When we remember the historical probability of Leonardo having behaved in his life as one who was emotionally homosexual, the question is forced upon us whether this phantasy does not indicate the existence of a causal connection between Leonardo’s relation with his mother in childhood and his later manifest, if ideal [sublimated], homosexuality. We should not venture to infer a connection of this sort from Leonardo’s distorted reminiscence if we did not know from the psycho-analytic study of homosexual patients that such a connection does exist and is in fact an intimate and necessary one.
This excerpt sheds an important epistemological clarification on Freud’s method in this period. Careful about overgeneralisation and consistent in his commitment to de-pathologise homosexuality, he builds the argument about the connection between mothering and homosexuality by invoking other clinical evidence, beyond Leonardo. The ‘catch’ of such a construction is that it becomes very hard to criticise it from within. But left uncriticised, the ambivalences in the Freudian text (amply visible in the paragraph quoted below, in which he postulates a connection between the presence of a strong father and ‘correct decision’ in the choice of object) are consequential. They contribute to a heteronormative universe, they anatomise our notions of identification, and they impoverish our efforts to understand sexualities in the plural.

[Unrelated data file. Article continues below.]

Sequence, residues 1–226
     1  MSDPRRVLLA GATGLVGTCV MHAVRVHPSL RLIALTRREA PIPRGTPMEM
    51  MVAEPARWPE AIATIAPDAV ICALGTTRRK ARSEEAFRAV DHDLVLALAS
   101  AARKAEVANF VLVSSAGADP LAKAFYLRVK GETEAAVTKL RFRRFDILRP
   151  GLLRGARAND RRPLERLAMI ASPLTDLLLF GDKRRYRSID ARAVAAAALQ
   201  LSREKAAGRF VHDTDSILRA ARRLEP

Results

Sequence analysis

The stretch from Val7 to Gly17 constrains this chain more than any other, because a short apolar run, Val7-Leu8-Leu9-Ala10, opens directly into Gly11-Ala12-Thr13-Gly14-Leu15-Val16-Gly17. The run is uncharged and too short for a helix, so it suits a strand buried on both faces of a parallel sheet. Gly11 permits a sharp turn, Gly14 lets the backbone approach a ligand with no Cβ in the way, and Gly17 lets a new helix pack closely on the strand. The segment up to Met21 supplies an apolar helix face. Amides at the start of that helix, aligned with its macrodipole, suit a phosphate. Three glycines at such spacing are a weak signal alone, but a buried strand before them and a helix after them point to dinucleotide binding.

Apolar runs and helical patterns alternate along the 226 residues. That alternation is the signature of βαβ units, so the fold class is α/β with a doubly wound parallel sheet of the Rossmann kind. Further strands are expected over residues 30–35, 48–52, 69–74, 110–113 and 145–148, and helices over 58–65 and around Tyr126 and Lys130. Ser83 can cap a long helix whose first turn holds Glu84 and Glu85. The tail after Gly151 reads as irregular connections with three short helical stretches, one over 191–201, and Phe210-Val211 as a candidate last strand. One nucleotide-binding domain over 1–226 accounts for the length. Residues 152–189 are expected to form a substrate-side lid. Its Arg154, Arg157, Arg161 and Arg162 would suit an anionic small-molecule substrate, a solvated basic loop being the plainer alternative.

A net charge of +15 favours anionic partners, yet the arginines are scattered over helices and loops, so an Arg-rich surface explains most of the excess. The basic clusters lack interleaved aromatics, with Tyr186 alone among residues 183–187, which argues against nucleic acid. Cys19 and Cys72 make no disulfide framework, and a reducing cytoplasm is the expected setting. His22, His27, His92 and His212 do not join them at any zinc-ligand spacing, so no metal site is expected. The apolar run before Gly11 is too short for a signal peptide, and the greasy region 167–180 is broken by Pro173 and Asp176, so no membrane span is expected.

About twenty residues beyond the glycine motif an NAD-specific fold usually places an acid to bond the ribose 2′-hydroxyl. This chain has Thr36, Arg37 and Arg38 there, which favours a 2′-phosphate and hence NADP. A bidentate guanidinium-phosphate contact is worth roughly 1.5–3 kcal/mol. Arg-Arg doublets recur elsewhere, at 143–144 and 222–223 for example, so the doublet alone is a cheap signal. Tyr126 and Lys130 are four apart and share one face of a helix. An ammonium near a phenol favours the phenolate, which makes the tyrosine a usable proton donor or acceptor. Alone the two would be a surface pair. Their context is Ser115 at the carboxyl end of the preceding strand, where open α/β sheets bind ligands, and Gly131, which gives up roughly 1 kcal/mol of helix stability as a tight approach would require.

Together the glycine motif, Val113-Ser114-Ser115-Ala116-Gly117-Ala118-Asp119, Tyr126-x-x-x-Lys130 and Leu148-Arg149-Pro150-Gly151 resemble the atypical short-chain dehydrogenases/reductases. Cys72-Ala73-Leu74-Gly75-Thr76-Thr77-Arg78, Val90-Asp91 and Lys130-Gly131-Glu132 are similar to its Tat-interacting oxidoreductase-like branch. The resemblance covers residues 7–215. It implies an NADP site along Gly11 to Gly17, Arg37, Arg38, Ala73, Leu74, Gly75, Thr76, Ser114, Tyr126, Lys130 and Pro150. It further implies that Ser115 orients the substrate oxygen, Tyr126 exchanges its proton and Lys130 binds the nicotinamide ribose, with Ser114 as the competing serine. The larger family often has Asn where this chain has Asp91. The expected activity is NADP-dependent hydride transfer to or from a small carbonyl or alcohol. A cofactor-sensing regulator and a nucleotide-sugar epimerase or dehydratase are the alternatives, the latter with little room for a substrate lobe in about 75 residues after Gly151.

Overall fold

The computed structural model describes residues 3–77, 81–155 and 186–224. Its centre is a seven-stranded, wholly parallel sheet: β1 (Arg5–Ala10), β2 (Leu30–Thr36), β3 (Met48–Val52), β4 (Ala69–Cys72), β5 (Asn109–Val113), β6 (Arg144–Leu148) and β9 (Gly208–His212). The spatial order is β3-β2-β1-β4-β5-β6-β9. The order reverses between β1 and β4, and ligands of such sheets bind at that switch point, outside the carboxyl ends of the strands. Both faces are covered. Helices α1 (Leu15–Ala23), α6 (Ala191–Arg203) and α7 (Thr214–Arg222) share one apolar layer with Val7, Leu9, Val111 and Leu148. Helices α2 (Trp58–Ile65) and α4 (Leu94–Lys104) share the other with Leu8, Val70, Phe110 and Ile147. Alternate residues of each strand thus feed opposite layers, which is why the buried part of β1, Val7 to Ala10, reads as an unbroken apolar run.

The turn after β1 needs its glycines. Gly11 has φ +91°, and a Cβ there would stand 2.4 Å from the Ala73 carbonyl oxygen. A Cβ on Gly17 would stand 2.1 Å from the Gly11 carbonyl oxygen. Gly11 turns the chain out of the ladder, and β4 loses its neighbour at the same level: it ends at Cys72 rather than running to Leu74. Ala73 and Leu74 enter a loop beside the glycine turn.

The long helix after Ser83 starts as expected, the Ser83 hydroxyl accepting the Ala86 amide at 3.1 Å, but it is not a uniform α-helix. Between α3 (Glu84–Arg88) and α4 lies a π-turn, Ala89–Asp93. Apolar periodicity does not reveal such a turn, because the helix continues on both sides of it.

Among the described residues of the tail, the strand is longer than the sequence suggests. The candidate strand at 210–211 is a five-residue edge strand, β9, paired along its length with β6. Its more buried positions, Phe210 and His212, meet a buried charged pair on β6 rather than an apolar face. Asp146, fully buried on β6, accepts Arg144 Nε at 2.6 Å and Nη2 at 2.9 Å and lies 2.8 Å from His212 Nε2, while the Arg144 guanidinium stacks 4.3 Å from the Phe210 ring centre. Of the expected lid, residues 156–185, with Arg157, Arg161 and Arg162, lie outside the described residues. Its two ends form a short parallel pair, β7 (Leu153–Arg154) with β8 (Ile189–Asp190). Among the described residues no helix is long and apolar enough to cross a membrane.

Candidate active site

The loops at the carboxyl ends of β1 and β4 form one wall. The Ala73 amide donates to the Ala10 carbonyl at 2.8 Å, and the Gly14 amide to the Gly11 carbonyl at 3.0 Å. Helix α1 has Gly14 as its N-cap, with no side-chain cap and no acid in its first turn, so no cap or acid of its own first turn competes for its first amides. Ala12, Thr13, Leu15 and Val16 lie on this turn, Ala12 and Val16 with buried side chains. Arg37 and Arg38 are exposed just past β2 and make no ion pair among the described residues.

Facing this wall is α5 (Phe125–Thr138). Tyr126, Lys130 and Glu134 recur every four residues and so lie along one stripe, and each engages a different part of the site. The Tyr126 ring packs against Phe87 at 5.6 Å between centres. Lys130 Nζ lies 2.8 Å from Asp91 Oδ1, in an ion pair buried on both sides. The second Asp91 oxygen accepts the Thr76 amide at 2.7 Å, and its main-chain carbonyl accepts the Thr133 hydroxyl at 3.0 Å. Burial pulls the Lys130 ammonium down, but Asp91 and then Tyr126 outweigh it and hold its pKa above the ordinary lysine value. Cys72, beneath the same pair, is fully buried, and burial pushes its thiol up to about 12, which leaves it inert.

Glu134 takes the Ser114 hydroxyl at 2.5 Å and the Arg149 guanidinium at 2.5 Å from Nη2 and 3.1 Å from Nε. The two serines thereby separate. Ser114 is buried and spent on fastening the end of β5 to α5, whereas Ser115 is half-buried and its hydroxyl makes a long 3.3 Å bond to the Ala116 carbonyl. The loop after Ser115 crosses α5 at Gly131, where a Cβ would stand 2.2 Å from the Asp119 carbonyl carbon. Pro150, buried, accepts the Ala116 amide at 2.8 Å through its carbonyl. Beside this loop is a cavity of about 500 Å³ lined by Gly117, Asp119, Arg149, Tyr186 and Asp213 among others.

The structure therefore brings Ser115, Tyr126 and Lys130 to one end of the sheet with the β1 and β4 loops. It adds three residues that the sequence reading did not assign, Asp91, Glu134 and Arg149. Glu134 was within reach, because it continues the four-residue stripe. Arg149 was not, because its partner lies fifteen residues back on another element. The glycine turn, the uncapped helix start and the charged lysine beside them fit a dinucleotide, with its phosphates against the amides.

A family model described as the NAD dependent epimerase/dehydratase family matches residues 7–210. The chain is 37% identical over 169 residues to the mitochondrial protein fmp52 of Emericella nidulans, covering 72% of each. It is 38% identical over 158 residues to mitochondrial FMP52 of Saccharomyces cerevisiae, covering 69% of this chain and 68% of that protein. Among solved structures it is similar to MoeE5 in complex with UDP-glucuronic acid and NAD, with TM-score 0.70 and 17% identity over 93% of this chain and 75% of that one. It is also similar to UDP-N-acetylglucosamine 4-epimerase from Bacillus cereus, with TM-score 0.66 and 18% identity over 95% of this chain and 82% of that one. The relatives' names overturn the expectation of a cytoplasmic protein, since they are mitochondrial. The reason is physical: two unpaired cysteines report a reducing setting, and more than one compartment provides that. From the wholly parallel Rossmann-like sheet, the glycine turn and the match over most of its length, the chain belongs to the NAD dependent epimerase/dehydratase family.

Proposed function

Following up on the same thesis of the over-mothering of Leonardo, Freud presents us with some interpretations of his painting Madonna and Child with St. Anne, and of a related drawing that includes John the Baptist. Freud nearly suggests a hallucination, with many mothers breaking out of the painting. The Madonna is read as representing Leonardo’s stepmother (Donna Albiera), while St. Anne is seen as a condensation of Leonardo’s biological mother (Caterina) and his paternal grandmother (Monna Lucia). The fact that the bodies of Madonna and St. Anne appear as merged together might suggest a bi-headed parental figure that is exclusively feminine, confirming the idea of the absence of the father.
But is this hallucination of many mothers readable outside Freud’s own countertransference with Leonardo’s figure and with his art? To put it differently, what is the role of the analyst’s own structure of phantasies in working with and across the small and elliptic details that constitute the raw matter of psychobiographies? Thanopulos (2005) discusses the role that Freud’s own relationship with his mother had in the way he constructed his account of Leonardo. Addressing the issue of Freud’s (perhaps too) much debated inexactitude4 in translating as a vulture what in fact was a kite, Thanapulos (2005) writes: ‘In giving focus to Leonardo’s phantasy, he had the chance to become master of a phantasy of his own, fulfilling his wish to appropriate his winged mother.’ It remains an incontestable fact that Freud’s translation error furnished the mythological connection with the Egyptian vulture-mothers, the goddesses bearers of the phallus. What it also provided is a mythological foundation to the discussion about fatherlessness: for the Egyptians, only female vultures existed; they were impregnated by the wind, while flying.